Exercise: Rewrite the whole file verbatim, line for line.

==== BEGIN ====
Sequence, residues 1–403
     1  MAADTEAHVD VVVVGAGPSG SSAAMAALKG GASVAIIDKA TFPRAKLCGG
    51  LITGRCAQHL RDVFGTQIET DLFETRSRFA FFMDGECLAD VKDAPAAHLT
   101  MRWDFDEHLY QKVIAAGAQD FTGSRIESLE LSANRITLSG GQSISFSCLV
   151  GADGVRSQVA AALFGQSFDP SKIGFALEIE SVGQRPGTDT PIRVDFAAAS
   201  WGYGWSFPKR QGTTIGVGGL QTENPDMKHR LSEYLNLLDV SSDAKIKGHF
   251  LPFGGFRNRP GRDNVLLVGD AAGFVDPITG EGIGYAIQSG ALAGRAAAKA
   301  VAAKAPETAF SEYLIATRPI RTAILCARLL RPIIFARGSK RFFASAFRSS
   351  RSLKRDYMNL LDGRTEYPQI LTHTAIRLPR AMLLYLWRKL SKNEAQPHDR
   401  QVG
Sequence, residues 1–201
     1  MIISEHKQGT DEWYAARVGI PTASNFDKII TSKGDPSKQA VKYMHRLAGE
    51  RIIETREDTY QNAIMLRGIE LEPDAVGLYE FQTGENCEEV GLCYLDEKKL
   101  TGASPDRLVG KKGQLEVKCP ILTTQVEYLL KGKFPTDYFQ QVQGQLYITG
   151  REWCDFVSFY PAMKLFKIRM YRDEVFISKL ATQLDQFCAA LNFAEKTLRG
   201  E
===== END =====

Sequence, residues 1–403
     1  MAADTEAHVD VVVVGAGPSG SSAAMAALKG GASVAIIDKA TFPRAKLCGG
    51  LITGRCAQHL RDVFGTQIET DLFETRSRFA FFMDGECLAD VKDAPAAHLT
   101  MRWDFDEHLY QKVIAAGAQD FTGSRIESLE LSANRITLSG GQSISFSCLV
   151  GADGVRSQVA AALFGQSFDP SKIGFALEIE SVGQRPGTDT PIRVDFAAAS
   201  WGYGWSFPKR QGTTIGVGGL QTENPDMKHR LSEYLNLLDV SSDAKIKGHF
   251  LPFGGFRNRP GRDNVLLVGD AAGFVDPITG EGIGYAIQSG ALAGRAAAKA
   301  VAAKAPETAF SEYLIATRPI RTAILCARLL RPIIFARGSK RFFASAFRSS
   351  RSLKRDYMNL LDGRTEYPQI LTHTAIRLPR AMLLYLWRKL SKNEAQPHDR
   401  QVG
Sequence, residues 1–201
     1  MIISEHKQGT DEWYAARVGI PTASNFDKII TSKGDPSKQA VKYMHRLAGE
    51  RIIETREDTY QNAIMLRGIE LEPDAVGLYE FQTGENCEEV GLCYLDEKKL
   101  TGASPDRLVG KKGQLEVKCP ILTTQVEYLL KGKFPTDYFQ QVQGQLYITG
   151  REWCDFVSFY PAMKLFKIRM YRDEVFISKL ATQLDQFCAA LNFAEKTLRG
   201  E